Take the 2-minute tour ×
English Language & Usage Stack Exchange is a question and answer site for linguists, etymologists, and serious English language enthusiasts. It's 100% free, no registration required.

What is a good word for when something is theoretically correct but not useful in a real world context?

E.g, it's often said that "drinking water burns calories" but it actually turns out that after drinking cold water, your body warming that water up burns something like a dozen calories...not exactly "much."

So that advice is said to be?

share|improve this question
    
Mildly related: Is there a word for "clever fool"? –  Callithumpian Apr 30 '11 at 17:30
1  
'The only thing to do with good advice is pass it on. It is never any use to oneself.' - Oscar Wilde –  Grant Thomas Apr 30 '11 at 20:13
add comment

8 Answers

impractical/unfeasible/ From The FreeDictionary:

not practical; not workable or not given to practical matters; "refloating the ship proved impractical because of the expense"; "he is intelligent but too impractical for commercial work"; "an impractical solution"

In statistics, it is said that there is no practical significance. A test that has a statistically significant result does not necessarily have a practical significance. For more explanation of the term, you can read here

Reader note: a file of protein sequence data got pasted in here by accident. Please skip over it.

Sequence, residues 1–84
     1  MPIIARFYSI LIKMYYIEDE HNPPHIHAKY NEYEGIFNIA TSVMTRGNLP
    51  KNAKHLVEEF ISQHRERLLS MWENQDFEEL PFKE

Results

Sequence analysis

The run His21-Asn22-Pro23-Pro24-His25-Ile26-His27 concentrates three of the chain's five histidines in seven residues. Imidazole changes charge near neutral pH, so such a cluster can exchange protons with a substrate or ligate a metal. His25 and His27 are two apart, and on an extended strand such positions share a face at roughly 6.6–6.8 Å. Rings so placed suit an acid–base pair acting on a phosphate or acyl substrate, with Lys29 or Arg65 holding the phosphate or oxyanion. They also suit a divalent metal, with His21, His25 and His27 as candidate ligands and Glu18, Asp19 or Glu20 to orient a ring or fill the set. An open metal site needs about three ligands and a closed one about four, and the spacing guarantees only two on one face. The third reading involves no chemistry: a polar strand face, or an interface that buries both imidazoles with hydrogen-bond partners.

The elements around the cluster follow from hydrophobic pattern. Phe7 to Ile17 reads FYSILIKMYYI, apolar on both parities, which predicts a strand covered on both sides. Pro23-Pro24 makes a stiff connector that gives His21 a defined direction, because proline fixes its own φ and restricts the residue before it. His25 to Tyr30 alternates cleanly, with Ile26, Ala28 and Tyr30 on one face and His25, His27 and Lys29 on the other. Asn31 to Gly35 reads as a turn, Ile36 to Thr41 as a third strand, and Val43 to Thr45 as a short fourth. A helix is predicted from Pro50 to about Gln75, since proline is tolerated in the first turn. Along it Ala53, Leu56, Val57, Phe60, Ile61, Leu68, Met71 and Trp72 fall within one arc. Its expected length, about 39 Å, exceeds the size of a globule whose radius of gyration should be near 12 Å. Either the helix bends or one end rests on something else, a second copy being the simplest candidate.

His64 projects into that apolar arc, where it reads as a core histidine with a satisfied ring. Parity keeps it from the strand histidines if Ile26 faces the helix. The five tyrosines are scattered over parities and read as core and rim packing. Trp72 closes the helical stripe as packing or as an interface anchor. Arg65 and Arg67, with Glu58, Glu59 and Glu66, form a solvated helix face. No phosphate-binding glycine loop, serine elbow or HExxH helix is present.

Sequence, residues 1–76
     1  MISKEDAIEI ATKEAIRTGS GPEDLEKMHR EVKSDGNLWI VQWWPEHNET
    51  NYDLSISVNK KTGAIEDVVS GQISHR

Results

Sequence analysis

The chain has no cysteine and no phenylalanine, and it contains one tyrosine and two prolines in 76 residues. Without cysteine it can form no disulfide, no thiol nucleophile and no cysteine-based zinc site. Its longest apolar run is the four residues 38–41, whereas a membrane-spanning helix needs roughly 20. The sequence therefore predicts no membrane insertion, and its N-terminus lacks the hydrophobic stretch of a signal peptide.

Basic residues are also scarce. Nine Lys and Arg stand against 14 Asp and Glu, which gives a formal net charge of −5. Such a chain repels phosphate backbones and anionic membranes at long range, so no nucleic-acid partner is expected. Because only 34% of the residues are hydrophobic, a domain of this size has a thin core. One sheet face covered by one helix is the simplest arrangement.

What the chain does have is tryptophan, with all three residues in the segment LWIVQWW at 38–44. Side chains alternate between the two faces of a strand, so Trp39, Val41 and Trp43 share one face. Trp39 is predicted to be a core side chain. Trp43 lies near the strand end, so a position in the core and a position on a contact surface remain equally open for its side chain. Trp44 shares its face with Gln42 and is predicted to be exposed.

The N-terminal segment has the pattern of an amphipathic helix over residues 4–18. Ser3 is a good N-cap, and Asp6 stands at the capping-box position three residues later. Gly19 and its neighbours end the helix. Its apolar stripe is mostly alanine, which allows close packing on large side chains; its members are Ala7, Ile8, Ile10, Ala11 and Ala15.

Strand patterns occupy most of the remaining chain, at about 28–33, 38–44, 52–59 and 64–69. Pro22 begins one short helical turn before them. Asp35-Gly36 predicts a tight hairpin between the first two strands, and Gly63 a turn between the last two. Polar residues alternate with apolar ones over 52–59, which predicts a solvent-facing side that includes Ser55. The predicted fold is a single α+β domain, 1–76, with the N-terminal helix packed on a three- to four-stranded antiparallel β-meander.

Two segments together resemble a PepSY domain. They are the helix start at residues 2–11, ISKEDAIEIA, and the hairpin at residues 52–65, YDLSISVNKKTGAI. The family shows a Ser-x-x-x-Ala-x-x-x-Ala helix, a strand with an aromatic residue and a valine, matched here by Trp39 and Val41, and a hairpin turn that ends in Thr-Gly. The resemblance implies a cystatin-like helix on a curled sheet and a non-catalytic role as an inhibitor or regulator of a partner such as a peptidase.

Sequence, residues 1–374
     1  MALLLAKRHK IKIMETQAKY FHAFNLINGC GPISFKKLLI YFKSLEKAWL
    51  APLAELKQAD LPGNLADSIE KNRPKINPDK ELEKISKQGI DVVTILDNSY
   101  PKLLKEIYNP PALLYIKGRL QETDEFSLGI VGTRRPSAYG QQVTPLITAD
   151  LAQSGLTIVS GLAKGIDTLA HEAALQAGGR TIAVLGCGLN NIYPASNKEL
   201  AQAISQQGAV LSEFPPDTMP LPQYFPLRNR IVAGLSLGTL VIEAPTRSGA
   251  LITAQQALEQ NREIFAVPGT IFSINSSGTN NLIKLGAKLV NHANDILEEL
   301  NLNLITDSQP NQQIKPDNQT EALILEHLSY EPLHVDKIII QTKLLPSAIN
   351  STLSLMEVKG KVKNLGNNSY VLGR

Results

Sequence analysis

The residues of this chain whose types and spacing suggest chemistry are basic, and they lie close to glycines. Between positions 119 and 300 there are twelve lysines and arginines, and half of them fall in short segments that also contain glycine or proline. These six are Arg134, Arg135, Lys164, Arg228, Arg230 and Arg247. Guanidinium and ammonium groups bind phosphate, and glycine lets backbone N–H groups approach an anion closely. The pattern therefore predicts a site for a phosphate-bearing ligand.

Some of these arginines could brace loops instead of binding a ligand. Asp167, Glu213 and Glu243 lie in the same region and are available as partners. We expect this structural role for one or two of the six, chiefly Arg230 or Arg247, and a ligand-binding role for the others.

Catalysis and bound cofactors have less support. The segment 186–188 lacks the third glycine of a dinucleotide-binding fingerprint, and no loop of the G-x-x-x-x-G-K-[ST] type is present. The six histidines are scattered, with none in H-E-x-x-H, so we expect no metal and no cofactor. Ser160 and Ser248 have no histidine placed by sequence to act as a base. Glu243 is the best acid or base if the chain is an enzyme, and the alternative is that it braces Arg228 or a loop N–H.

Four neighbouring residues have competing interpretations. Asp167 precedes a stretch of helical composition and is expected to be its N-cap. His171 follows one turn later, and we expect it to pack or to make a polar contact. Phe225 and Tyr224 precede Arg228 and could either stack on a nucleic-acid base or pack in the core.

share|improve this answer
add comment

I'd say the water advice is "useless" and the practice of drinking water to lose weight I'd call "futile."

share|improve this answer
add comment

What about the word fatuous? From Dictionary.com:

fat·u·ous  /ˈfætʃuəs/ (adj.)
1. foolish or inane, especially in an unconscious, complacent manner; silly.
2. unreal; illusory.

"Yes, I suppose your advice is technically correct, but it is utterly fatuous to think it important for my diet plan."

share|improve this answer
add comment

If you're ok with a phrase, things like this are often said to look good on paper:

to seem fine in theory, but not perhaps in practice; to appear to be a good plan. The plan looks good on paper, but it may not work. This looks good on paper. Let's hope it works in the real world.

The Free Dictionary

share|improve this answer
add comment

"nugatory"? "vacuous"? "inutile"?

share|improve this answer
    
This is really a comment, not an answer to the question. Please use "add comment" to leave feedback for the author. –  kiamlaluno Aug 14 '12 at 23:11
add comment

"inapplicable" would be the most direct adjective.

share|improve this answer
add comment

Ineffective.

Technically, the act of drinking water may indeed burn calories, but in reality it's completely ineffective as a weight-loss strategy.

share|improve this answer
add comment

How about purely theoretical, since the words theoretical and practical are often viewed as opposites.

share|improve this answer
add comment

Your Answer

 
discard

By posting your answer, you agree to the privacy policy and terms of service.

Not the answer you're looking for? Browse other questions tagged or ask your own question.